I know, I know. Rewriting our life plays and changing how we do things is easy to say, hard to do. It can be confusing and sometimes frustrating, but I hope to shed some light on the confusion and offer some "editing tips". The first step in rewriting our life play is to understand a bit more about how and why we do the things we do.
First, it is helpful to know that we are making choices at every moment about everything we think, feel and do. You've already made hundreds of choices today. Whether or not to hit the snooze button, whether to go for the oatmeal or the donut, whether to start the day with a smile or a frown.
Often, however, we are not aware that we are making choices at all. To prove this point, please take a moment to stretch. (Thank you for indulging me). Now, how did you stretch? Did you stand up or stay seated? Did you put your hands above your head, bend at the waste or do something else? Did you not stretch at all?
Did you consciously decide to stretch in those ways or did it just happen? My educated guess, that in most cases, the choices just happened. This is exactly the way many of our choices are made.
Many of our choices are made on auto-pilot. We are rarely aware that a choice has been made or that other choices were even possible. Our choices are often very fast and patterned, based on a self-created role and a history of responses. One unexamined choice leads to the next unexamined choice until we have created a role and life story for ourselves that we may not have intended.
We accept our role and storyline without rewriting or editing our material. Even when our choices are not helpful, not leading to getting out needs met or even bringing us the opposite of what we want, we often stay in our patterns out of default, for the sake of ease, or based on little or faulty information with which to make better choices.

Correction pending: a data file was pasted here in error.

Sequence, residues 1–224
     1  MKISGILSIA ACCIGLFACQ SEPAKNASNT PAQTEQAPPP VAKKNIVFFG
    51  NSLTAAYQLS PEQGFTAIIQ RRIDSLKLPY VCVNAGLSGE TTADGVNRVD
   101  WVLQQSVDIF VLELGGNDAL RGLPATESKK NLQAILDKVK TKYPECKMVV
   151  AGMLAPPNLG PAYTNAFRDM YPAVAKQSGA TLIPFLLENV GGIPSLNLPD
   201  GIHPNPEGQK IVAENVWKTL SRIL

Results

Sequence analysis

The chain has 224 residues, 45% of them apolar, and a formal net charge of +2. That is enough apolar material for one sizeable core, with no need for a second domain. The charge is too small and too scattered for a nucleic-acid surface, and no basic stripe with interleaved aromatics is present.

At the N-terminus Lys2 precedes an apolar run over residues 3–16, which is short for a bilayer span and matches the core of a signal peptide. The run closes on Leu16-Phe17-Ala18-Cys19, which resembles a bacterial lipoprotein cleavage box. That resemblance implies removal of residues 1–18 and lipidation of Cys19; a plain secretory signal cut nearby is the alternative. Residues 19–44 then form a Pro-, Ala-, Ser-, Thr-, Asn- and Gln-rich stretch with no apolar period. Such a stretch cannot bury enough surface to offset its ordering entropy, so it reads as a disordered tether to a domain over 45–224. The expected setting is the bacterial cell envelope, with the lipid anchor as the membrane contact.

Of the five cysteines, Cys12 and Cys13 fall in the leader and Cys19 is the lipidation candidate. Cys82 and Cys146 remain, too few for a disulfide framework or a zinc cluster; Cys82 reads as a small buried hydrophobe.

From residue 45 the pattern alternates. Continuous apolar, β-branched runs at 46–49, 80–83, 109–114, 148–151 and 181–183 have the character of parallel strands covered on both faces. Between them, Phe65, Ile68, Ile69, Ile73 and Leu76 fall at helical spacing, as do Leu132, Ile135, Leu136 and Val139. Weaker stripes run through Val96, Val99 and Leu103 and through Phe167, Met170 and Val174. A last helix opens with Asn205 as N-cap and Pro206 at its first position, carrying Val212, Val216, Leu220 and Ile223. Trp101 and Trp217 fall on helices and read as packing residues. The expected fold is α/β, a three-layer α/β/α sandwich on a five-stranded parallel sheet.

In order to maximize opportunities for getting our needs met positively and effectively, increased personal success, mental health and a satisfying life story, it is very helpful if we look at each microscopic moment of choice as it occurs - choices about how we think, feel and act.
It is difficult to look deeply at our choices because these choices are so wrapped up in our ways of looking at the world. Each choice we make is based on a number of unnoticed and unquestioned assumptions. These assumptions inform our thoughts which lead to our feelings which cause us to act. This assumption-thought-feeling-action chain occurs so rapidly, we rarely notice that it occurs. This makes it exceedingly difficult to influence any part of the chain in order to make a different, possibly more effective choice. It is possible, however, to think of ourselves as "Choice-Detectives", examining the assumptions upon which our choices are based for errors in logic, and then learn to base our choices on more factual information.
These assumptions, or beliefs without proof, were put together when we were younger, based on the limited amount of information we had at the time, and then rarely questioned. For example, we may have been part of a very hard-working goal-oriented family. It is possible that our parents only rewarded us when we got A's in an attempt to get us to do our best.
Observing this as children with little information or a broader context, we may have arrived at the assumption that we must always be perfect. Based on this unquestioned assumption, it is possible that as an adult, we may have little tolerance for our imperfections. It is possible that when we make inevitable mistakes that we berate ourselves for days afterward.
These assumptions tell us what to think and how to feel and act, like a running monologue in our heads. They affect every area of our lives, from our emotions, to our self-confidence to our relationships. How many of us have ever avoided trying something new because we assumed that we would be bad at it? How many of us let ourselves get overtaxed because we assume that we have to be everything to everyone?
We can look at the last example to see how the rapid assumption-thought-feeling-action chain works. A friend calls us for a favor. We are swamped, and the logical choice would be to say no. However, if we assume that we have to please and be liked by everyone, we might think that it would be wrong to say no, feel stress mixed with a dose of guilt, and an unbidden "yes" might fly out of our mouths.
In order to influence the assumption-thought-feeling-action chain and make more effective choices according to our deepest held desires, it is helpful to push the "personal pause button" on the "VCR" of our lives". I know, more metaphors - what can I say! I will take it from a metaphor to a useable tool, in the next blog entry!
~ Adina Bloom Lewkowicz, LISW